Dana: Extra points for using the name of Dustin’s blog in your epigraph. OK, you don’t really get extra points for that, but you do get extra points for creating such an strong, persona-driven piece again. We’re dropped right into an amazing opening with the command: “Forgive my fat mouth!” That entire opening stanza is killer, and the tone reminds me a great deal of your piece for Shore Tags in terms of the strength of the voice. You also mirror much of Sexton’s poem in yours, including the exclamations and rhyme, as well as the lines, “On, it ticks, and on / like tatted lace— these poems / are its wrangled, desperate trace— .” There’s no doubt the poem was influenced by the epigraph, so you’ve definitely completed the assignment. I do think you could look at stanzas three and four. They are great on their own (although perhaps “turned the other cheek” could go), but in context, they feel different from the other stanzas in terms of the diction. You pick that diction up again in stanza five, with “your fury zipped the house / shut like the priest’s confessional slot!” Compared with the other stanzas, the two I mentioned were a little flatter. But overall: bravo.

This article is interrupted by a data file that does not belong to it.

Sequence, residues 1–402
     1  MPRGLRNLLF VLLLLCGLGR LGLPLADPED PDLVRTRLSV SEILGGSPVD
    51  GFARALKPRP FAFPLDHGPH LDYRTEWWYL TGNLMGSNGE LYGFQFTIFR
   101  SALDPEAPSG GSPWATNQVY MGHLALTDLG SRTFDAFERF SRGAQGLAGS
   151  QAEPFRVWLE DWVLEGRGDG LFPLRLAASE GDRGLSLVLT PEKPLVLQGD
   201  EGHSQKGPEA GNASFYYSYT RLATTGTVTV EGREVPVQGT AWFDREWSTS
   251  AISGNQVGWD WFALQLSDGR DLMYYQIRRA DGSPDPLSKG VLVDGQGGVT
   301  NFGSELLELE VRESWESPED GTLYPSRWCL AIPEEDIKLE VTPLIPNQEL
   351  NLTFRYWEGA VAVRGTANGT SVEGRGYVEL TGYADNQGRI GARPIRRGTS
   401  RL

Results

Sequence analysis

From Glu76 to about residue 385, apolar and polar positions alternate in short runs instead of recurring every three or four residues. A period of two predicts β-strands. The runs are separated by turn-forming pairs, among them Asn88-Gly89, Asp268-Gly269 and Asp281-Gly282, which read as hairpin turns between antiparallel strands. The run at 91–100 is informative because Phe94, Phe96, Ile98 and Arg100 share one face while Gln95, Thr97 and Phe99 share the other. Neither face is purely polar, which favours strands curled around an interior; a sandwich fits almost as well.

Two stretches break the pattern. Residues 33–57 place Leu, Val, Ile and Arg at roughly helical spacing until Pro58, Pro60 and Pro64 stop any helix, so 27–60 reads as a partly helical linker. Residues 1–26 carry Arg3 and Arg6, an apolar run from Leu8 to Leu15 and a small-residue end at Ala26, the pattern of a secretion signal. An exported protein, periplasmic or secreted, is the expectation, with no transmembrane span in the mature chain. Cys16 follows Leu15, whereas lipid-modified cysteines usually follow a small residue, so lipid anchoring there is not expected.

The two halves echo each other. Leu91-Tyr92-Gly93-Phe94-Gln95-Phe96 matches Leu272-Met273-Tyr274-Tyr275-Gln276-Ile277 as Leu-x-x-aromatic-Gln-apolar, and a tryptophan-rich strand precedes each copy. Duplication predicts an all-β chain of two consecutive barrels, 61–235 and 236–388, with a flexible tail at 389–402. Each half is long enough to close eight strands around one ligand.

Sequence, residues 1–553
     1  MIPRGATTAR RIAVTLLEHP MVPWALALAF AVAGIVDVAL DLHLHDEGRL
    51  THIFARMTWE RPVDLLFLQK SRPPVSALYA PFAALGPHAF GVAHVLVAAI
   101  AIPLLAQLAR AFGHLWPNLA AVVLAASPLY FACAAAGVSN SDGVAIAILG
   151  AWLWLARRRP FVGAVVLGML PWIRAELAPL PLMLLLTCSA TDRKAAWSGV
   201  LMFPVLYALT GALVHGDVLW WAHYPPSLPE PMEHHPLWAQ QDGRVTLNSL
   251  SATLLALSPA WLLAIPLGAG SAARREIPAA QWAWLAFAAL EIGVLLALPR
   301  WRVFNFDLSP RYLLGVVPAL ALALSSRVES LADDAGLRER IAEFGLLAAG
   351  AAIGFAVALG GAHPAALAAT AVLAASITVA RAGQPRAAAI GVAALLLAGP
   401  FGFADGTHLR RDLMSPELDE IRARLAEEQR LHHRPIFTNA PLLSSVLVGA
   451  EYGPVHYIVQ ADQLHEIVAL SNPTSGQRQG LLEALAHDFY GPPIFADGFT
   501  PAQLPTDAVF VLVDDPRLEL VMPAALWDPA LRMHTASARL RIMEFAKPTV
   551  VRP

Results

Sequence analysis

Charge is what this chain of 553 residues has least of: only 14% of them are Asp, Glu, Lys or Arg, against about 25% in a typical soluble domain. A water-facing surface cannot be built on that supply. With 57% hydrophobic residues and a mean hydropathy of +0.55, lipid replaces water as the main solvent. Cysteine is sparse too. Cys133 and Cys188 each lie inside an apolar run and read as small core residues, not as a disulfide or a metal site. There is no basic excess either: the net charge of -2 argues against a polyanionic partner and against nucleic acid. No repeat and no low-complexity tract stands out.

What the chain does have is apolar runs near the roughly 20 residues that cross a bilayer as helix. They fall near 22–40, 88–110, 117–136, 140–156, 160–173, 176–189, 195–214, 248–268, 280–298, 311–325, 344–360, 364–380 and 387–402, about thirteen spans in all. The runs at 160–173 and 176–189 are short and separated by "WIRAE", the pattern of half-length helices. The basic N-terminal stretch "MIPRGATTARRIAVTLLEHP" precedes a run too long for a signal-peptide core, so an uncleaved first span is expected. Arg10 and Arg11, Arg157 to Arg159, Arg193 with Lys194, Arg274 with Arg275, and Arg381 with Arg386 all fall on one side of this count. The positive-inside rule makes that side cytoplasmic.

Guest Judge C. Dale Young: Wow. I mean, Wow! The command of diction here is unreal. And not only is the command of diction here incredible, but the tension between the line and the syntax of the sentences only heightens our appreciation of the diction. This poem is amazing considering how little time was given to write it. It is simply amazing. I almost don’t know what to say. My one quibble, tiny as it might be, is the ending. The speaker of this poem doesn’t seem the type to be sorry. And this speaker cannot help but “spin it”; it is what she does! I suspect a better last sentence or line might be: “My God, my God, I am not sorry at all.”